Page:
Drought Having Adverse Effect on South Africa Wild Game
Game ranchers in South Africa are struggling to feed their herds after drought has dried up grazing land for their animals
Sable antelopes are seen at a feeding spot at a game farm in Wolmaransstad, 250 km (155 miles) west of Johannesburg, South Africa. (Reuters/Siphiwe Sibeko photo)
Wolmaransstad, South Africa (Reuters) - A drought that has hit crops and economic growth in South Africa is also causing pain for specialist game ranchers who breed animals like antelope and buffalo to cater for tourists and hunters.
Game prices are mostly down as ranchers cut herds in the face of parched grazing and soaring costs for supplements like lucerne, a protein-rich hay-like crop which has almost doubled in price the past year to 4,000 rand ($280) a ton.
But record prices are still being fetched for iconic species such as buffalo, highlighting the resilience of this asset class at the luxury end.
Pieter Ernst Jr, whose family raises game 250 km (155 miles) west of Johannesburg, said the costs of feeding his prized sable antelope have doubled the past year, but he can leave nothing to chance: one of his studs, "Magic", has been valued at 19 million rand ($1.3 million).
Magic is indeed a majestic specimen - jet black in color, with a regal demeanor and a huge rack of curled horns.
"We have been feeding them every day for the past two years. We just hope it rains," Ernst said as his sable herd tucked into its midday meal - a mix of feed put into rubber bowls fashioned from tires.
A worker prepares to feed sable antelopes at a game farm in Wolmaransstad, 250 km (155 miles) west of Johannesburg, South Africa. (Reuters/Siphiwe Sibeko photo)
Game ranching is big business in South Africa. Catering to the ecotourist and hunting sectors, and investors who see prize breeding animals as an asset, it has been growing 20 percent per year for the past 15 years, according to industry data.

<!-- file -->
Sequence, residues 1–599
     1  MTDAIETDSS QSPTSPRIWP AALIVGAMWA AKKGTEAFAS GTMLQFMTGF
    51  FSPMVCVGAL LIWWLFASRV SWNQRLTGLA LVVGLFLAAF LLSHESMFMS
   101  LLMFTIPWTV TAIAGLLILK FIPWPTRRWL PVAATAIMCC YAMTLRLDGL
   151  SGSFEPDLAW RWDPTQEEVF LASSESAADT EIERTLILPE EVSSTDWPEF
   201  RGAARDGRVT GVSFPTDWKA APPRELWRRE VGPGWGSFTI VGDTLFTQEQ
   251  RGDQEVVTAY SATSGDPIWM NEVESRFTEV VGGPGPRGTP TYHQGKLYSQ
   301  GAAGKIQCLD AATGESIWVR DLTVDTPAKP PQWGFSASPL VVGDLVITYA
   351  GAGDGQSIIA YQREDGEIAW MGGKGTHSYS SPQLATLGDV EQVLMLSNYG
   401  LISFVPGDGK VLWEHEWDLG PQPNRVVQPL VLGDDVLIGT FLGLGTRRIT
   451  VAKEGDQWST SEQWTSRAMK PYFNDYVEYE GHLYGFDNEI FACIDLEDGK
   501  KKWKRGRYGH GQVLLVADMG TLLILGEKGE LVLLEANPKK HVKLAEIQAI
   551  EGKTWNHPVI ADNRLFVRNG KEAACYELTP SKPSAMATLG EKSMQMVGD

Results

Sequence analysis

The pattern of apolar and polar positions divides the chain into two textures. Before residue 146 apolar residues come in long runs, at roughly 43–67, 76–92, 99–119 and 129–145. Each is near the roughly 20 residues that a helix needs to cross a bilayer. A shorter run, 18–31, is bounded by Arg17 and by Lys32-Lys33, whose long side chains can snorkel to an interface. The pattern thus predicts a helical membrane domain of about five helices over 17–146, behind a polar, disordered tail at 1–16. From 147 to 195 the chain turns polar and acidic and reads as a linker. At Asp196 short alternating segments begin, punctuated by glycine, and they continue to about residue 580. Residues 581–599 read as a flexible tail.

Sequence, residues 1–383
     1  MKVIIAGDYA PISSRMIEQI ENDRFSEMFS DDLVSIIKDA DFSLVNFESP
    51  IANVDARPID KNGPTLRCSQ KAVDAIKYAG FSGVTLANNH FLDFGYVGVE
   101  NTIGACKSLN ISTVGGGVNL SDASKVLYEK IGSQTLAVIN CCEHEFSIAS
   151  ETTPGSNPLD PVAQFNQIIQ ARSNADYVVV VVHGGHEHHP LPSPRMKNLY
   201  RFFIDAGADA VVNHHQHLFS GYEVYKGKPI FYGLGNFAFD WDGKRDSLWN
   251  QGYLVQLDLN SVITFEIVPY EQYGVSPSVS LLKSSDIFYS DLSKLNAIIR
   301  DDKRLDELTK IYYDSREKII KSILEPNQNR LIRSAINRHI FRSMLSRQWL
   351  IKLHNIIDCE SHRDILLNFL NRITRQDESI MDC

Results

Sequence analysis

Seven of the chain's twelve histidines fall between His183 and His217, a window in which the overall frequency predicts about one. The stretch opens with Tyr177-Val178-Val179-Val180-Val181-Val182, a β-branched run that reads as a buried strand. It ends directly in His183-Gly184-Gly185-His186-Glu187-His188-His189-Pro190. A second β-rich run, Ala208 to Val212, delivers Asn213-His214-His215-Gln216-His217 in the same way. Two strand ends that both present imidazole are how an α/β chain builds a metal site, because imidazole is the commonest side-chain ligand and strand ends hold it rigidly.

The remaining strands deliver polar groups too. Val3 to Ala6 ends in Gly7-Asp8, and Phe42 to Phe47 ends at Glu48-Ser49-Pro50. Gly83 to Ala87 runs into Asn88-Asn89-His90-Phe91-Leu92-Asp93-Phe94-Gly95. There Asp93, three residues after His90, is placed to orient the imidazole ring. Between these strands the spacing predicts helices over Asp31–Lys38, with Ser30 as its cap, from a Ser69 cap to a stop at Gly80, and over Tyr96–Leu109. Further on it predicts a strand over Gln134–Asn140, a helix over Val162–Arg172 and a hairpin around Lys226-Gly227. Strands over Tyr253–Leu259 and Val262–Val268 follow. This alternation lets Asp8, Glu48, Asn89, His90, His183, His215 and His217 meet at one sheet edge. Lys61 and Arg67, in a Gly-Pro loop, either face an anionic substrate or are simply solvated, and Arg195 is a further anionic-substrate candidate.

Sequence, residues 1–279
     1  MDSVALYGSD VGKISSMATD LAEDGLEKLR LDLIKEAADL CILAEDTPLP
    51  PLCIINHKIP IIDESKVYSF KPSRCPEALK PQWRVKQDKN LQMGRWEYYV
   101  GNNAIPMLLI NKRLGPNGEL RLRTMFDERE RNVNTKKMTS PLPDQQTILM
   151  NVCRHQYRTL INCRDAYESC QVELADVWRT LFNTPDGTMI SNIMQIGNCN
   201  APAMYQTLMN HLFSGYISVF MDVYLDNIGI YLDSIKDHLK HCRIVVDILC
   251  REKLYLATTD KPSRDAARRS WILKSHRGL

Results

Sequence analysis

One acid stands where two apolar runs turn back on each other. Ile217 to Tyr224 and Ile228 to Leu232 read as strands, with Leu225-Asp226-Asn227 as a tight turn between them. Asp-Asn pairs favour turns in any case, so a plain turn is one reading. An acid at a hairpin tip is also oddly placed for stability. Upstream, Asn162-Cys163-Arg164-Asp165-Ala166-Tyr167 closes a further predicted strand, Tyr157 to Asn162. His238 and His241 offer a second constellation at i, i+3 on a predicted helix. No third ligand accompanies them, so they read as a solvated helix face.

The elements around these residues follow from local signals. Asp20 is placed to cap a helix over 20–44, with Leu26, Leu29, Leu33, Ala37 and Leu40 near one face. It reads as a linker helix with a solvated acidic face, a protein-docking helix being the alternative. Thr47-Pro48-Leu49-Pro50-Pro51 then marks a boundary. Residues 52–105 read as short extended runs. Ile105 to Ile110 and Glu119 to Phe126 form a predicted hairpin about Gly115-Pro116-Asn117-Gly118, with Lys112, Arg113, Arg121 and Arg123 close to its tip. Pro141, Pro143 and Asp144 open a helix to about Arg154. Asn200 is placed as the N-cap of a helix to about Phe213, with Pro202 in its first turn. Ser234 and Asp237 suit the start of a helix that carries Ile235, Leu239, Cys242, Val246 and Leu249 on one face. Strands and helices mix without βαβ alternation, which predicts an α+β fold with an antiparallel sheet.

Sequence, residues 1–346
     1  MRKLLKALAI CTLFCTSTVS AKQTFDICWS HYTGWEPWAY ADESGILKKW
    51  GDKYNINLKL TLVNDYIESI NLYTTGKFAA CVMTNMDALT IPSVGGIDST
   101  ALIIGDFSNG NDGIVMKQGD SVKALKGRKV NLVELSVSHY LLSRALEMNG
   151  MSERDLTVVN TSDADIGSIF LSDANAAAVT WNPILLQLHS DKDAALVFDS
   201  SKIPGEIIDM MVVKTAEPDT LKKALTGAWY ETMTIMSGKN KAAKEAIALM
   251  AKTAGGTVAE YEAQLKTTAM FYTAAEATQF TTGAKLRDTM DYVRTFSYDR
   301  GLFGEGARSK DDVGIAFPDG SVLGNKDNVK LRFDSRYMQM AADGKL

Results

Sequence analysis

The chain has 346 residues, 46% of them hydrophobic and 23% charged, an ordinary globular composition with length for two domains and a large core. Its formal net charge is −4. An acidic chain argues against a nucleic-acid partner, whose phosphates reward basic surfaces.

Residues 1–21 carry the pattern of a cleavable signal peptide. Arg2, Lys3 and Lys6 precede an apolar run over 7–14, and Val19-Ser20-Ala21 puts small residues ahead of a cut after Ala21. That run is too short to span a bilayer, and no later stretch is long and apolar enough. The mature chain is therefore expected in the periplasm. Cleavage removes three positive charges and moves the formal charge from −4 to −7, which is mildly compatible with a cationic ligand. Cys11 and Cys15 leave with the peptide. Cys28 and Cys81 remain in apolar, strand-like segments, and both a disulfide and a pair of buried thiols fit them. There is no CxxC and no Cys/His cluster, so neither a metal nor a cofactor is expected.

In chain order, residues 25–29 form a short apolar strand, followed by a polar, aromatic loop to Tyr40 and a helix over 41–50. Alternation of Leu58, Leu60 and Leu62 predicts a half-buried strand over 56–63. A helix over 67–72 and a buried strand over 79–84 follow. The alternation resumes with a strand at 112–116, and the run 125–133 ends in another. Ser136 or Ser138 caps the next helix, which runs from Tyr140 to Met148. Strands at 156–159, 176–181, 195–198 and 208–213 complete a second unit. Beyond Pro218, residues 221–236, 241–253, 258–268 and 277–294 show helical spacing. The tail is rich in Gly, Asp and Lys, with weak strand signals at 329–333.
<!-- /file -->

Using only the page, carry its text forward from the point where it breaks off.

"According to our estimates, the industry is worth in excess of 20 billion rand," said Flippie Cloete, an agricultural economist at South Africa's North West University.
The industry is credited with lifting wildlife numbers and adding value to marginal lands previously used for cattle. It now counts 10,000 ranches.
According to industry estimates, in 1950 there were only a few dozen white rhino left in South Africa. Now there are close to 18,000, with about 30 percent on private ranches.
Over the same period, the population of blesbok, a white-faced antelope, has grown from 2,000 to 250,000, with 90 percent on private land.
Those numbers have now suffered a setback, as prices fall and grazing lands shrivel, though the industry does not have precise estimates on game losses. Ernst said he had to cut his blesbok herd to 250 from 500.
"Game prices this year are down on average about 20 percent," said Adri Kitshoff-Botha, chief executive of Wildlife Ranching South Africa, an industry group.
Rains have returned to parts of South Africa, giving some relief after a severe dry spell triggered by an El Nino weather pattern, but the national weather service said in late October that much of the country remained firmly in drought conditions.
Yet the high end of the market remains drought-resistant. Earlier this year a buffalo bull was auctioned for a record 168 million rand ($11.7 million).
"There is a strong demand for these animals, mainly from well-established game ranchers who are in the process of diversifying their operations, as well as foreign investors," said Cloete.
(Editing by Mark Trevelyan)